During the recent blizzard/tornado event on March 1st, Chicago was in the mid-40s and received over an inch of rain. According to the discussion boards at Easternuswx.com, during the February 28th broadcast of “Abrams & Bettes”, Stephanie Abrams said she “spoke to her elders” in the Chicago area, and that “they could never remember a February where they ever had rain” (in actuality she was referring to the predicted rain for March 1st, but since the show aired February 28th, she forgot the predicted rain would occur in March and not February). She even reportedly asked the on-site reporter from Chicago what his thoughts were on this unusual February rain. (Disclosure: I didn’t see the broadcast, so I can’t verify if this is true). Having lived in Chicago from 1980-1990, I have a good memory of what winter is like and I seem to remember quite a few February rains. But rather than rely solely on my memory (as Ms. Abrams and her elders apparently did), I decided to research the matter for myself.
Using daily observations from O’Hare airport in Chicago (the first order weather station for the city) from 1959-2007 I first calculated how many days in February reported more than 0.01″ of precipitation (447 days over 49 Februarys for an average of 9.1 precipitation days/month). Then I observed how many of those days reported snowfall >0.1″ (293 days for an average of 6.0 snowfall days/month). This infers that 154 days that had precipitation of > 0.01″ did not report any snowfall (3.1 rain days/month). In total, nearly 35% of the time it precipitates in February in Chicago, it rains but does not snow. This is hardly a rare event.
I also looked at each year to see how often a rain-less February has occurred since 1959. It turns out that only 1963, 1964, 1967, 1969, and 1978 have ever had Februarys that did not have at least one day of rain. In other words, 90% of all Februarys since 1959 have had a February rain. Again, this is obviously not a rare event.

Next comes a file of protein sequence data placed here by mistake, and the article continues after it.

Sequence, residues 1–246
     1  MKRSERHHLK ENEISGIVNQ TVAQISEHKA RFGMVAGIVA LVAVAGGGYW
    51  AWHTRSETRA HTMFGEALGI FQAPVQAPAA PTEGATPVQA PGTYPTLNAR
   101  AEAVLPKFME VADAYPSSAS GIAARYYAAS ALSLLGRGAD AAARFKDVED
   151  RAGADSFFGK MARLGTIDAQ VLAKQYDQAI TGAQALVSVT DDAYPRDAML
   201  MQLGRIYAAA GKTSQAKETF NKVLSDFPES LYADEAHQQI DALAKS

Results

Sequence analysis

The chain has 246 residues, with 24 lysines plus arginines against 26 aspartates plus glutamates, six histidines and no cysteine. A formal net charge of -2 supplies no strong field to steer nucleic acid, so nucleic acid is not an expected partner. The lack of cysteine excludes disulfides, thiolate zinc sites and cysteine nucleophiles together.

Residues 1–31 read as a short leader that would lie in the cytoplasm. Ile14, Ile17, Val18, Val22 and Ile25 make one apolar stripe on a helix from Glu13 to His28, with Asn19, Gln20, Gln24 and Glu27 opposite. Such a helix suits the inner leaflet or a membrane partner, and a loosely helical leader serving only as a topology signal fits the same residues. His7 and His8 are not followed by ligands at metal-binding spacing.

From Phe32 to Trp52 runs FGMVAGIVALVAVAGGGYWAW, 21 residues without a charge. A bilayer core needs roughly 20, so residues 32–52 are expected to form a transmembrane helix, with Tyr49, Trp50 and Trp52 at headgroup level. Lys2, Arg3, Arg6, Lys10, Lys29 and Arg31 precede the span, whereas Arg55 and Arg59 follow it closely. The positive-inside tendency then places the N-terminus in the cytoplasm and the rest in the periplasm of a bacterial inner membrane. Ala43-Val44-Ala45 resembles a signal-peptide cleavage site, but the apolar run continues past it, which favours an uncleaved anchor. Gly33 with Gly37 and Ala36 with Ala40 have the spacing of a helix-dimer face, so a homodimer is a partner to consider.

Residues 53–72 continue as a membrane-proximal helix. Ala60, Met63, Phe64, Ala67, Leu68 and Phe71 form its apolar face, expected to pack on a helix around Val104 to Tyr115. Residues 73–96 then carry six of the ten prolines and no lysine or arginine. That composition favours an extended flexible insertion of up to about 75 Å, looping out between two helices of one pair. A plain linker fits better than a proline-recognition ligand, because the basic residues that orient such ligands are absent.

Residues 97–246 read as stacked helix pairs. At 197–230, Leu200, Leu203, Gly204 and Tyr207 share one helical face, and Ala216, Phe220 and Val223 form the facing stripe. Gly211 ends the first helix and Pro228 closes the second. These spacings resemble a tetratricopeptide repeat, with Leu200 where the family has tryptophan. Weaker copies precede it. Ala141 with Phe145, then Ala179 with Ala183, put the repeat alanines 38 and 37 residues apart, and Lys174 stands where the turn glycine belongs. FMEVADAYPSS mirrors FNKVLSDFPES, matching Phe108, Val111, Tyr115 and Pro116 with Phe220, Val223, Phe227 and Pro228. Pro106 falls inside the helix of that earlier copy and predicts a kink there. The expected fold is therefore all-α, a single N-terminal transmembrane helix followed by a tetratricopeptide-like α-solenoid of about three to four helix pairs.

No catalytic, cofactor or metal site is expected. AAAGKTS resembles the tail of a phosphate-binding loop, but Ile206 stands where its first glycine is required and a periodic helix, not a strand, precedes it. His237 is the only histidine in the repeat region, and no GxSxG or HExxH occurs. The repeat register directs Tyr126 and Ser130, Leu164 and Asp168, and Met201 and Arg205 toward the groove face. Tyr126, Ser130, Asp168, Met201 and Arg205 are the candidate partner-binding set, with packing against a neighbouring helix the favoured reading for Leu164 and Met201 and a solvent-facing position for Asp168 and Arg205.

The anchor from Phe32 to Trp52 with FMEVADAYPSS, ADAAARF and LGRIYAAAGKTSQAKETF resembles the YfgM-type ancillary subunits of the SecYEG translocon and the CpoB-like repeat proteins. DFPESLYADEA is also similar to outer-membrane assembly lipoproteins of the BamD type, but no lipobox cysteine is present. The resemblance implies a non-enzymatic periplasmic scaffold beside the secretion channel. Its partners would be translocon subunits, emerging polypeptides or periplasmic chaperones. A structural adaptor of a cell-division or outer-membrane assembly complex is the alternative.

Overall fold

Finally, I looked at the difference between rain days and snow days since 1995, which coincides with a time of rising global temperatures that include 9 of the 10 warmest years in recorded history and an increase in Atlantic basin hurricane activity. In this 13-year period, there were 106 precipitation days in February (8.1 precipitation days/month) and only 43 snow days (3.3 snow days/month), which means that since 1995, when it precipitates in February in Chicago, it is much more likely to be rain than snow (60% to 40%) more than half of the time. So why was Ms. Abrams implying to a national audience that this such a rare event?
While it is true that compared to the frigid 1960s, (when rain-only days occurred 17% of the time) it has been equally likely to rain versus snow in Chicago in February since at least the late 1980s. In addition, strong El Nino winters are generally much warmer than average in Chicago and are much more likely to have rain rather than snow (think 1998). So in the historical record, rain in February is definitely not rare, or even all that unusual for that matter.
For a more sinister motive, there are some who say that the Weather Channel has become more political recently in their views towards Global Warming and are subtly trying to influence the viewing public (who generally are not knowledgeable about historical climatology) into thinking that certain weather events are rare (or increasing or getting worse, etc.) when they are really not. This in turn implies that the frequency of many weather events are changing, which implies Global Warming is behind all the “weird weather” we have been having recently. In reality, even the Intergovernmental Panel on Climate Change (IPCC) states that “Recent analyses of changes in severe local weather (tornadoes, thunder days, lightning and hail) in a few selected regions provide no compelling evidence for widespread systematic long-term changes.”
While I am not saying that was necessarily the case the other night with what Ms. Abrams allegedly said about the “rare February rain in Chicago”, (I chalk it up to climatological ignorance), the fact that the perception is out there in the weather/climate community is worth noting. This whole episode reinforces the idea that a good meteorologist must also be a good climatologist to be successful.